“I urge the House to include the mandate repeal in their tax legislation,” said Cotton in a statement, where he also said that “repealing the mandate pays for more tax cuts for working families and protects them from being fined by the IRS for not being able to afford insurance that Obamacare made unaffordable in the first place.”

Republican Study Committee Chairman Rep. Mark Walker told The Daily Signal in an interview Monday that he thought House members would be favorable to adding repeal to the tax bill. “In the House, do I think it could pass? Yes,” Walker said. “From what I am hearing that we will move, a majority of our conference as well as senators, would be OK moving forward” with repeal. *

In a statement Tuesday, Walker said, “Adding the repeal of the individual mandate to tax reform could be the most consequential step this Congress takes to date in fulfilling our promises to the American people to both reform the tax code and repeal Obamacare,”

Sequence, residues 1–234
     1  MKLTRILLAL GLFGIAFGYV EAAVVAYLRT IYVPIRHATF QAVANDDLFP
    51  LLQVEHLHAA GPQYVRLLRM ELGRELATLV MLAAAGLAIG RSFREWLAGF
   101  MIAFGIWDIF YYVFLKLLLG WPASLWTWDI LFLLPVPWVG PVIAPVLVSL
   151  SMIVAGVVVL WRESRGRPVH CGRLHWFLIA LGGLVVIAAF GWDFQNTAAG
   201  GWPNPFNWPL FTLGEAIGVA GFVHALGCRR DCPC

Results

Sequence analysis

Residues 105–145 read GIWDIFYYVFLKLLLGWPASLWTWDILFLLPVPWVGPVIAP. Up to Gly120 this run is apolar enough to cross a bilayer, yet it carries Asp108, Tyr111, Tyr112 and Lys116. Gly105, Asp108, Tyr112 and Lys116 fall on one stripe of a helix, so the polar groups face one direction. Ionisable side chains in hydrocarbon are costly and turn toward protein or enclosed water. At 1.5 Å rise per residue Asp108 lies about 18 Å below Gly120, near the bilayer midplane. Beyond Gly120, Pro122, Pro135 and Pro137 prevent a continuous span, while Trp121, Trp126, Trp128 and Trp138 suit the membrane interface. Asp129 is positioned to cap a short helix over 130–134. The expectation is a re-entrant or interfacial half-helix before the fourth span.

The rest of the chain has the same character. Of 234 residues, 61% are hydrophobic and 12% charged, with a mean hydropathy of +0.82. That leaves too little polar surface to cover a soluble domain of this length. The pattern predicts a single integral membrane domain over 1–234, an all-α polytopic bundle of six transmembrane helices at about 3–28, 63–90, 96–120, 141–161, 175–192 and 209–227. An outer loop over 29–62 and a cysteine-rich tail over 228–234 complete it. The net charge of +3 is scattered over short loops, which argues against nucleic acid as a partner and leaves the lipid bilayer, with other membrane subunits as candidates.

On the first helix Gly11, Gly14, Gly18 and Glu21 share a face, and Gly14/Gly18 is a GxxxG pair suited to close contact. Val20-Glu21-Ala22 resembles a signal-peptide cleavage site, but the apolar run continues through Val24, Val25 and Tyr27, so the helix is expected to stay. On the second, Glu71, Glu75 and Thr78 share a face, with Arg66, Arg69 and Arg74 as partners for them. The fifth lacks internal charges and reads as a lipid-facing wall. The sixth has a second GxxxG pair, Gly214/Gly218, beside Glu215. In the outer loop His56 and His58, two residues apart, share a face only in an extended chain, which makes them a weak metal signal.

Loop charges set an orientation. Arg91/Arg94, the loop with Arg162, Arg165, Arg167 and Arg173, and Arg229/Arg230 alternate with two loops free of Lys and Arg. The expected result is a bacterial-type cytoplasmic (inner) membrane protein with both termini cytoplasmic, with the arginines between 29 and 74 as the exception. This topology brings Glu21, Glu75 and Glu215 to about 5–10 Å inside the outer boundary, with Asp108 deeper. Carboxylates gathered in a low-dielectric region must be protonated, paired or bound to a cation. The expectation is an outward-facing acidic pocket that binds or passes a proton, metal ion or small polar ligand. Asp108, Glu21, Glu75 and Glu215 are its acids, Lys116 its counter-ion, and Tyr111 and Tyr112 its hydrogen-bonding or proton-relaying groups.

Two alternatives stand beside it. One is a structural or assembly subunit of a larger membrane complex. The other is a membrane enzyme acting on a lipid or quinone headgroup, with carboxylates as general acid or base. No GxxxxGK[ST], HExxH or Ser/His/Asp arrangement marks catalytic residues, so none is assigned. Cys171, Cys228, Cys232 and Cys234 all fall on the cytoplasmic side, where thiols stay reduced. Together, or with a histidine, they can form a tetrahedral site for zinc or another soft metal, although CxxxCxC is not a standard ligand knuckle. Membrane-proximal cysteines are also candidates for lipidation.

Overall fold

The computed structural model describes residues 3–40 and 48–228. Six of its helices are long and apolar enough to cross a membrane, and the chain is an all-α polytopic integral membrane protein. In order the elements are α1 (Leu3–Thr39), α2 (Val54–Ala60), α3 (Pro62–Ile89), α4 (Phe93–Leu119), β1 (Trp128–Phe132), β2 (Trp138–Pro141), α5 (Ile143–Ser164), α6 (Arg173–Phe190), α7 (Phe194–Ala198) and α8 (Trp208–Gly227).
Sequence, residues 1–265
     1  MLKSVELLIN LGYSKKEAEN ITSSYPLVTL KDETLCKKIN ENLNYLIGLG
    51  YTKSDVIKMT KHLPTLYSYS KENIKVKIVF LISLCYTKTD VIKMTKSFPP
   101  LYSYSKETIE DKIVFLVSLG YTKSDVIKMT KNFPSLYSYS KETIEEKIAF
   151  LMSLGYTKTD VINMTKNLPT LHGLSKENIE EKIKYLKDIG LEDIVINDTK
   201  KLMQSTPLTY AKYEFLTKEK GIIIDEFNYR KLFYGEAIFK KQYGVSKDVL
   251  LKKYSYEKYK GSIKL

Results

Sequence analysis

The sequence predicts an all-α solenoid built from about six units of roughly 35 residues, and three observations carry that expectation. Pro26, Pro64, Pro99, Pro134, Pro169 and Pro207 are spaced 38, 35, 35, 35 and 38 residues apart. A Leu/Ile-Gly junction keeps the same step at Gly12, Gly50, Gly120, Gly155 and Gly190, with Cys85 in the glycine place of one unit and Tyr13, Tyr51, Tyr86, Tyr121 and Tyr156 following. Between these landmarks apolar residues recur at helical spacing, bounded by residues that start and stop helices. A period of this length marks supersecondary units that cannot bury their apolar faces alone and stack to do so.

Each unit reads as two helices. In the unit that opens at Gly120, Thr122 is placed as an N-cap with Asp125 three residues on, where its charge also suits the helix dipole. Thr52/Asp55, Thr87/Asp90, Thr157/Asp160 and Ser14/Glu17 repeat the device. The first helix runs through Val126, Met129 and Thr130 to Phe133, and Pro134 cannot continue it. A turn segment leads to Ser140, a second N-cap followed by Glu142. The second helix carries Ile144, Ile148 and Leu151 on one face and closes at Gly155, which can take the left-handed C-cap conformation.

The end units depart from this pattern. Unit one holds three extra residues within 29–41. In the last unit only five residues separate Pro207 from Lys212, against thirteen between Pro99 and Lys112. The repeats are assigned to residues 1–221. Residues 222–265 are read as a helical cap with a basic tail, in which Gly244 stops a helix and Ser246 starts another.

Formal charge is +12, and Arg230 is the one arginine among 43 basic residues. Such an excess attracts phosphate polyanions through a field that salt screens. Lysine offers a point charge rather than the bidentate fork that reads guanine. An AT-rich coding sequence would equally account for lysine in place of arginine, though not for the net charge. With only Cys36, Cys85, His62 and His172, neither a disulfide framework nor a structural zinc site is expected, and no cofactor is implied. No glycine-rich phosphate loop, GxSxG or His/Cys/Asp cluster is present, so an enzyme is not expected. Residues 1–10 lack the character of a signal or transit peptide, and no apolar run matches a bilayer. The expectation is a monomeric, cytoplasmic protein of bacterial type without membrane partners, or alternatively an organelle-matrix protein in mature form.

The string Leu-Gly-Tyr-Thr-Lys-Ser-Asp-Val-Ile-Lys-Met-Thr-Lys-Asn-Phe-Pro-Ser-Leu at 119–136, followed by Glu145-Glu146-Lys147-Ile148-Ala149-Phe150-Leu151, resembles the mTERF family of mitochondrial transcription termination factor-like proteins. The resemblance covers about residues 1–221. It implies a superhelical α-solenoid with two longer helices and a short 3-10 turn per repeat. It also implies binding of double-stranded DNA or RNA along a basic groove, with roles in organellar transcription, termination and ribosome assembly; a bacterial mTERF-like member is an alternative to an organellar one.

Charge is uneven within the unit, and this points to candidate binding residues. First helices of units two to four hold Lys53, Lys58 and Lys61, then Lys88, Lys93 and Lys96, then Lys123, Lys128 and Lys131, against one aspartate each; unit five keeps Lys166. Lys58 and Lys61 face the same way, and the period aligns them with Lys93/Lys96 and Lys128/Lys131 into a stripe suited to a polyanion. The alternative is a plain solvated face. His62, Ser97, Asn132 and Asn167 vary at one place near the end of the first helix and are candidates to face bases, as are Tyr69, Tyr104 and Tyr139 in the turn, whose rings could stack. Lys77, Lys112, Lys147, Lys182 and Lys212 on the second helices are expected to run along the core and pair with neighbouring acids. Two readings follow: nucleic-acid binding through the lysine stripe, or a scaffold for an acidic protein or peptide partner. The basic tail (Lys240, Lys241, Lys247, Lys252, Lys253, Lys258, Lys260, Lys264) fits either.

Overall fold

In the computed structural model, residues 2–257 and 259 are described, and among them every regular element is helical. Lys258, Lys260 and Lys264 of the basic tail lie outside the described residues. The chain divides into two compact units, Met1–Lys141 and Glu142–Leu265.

“We agree with President Donald Trump that it should be included,” he added.

Rep. Jim Banks, R-Ind., told The Daily Signal in an interview Monday that the House should vote to repeal the individual mandate as part of the tax reform plan.

“It does appear that there are Democrats in the House or the Senate who … are on board with the tax reform so [for] Republicans in the House [who] already voted once to repeal the individual mandate, there’s no reason why we couldn’t get 217 votes to do that again,” Banks said.

The top tax writer in the House, Texas Republican Rep. Kevin Brady, mentioned the possibility of the mandate repeal being part of tax reform Nov. 2.**“The president feels very strongly about including this at some step before the final process and he’s told me that twice by phone and once in person,” said*Brady, the chairman of the House Ways and Means Committee.

On Wednesday, the Congressional Budget Office significantly revised its estimate on how much repealing the individual mandate in Obamacare would reduce deficits in the federal budget to $338 billion between 2018 and 2027, down from the $416 billion between 2018 and 2026.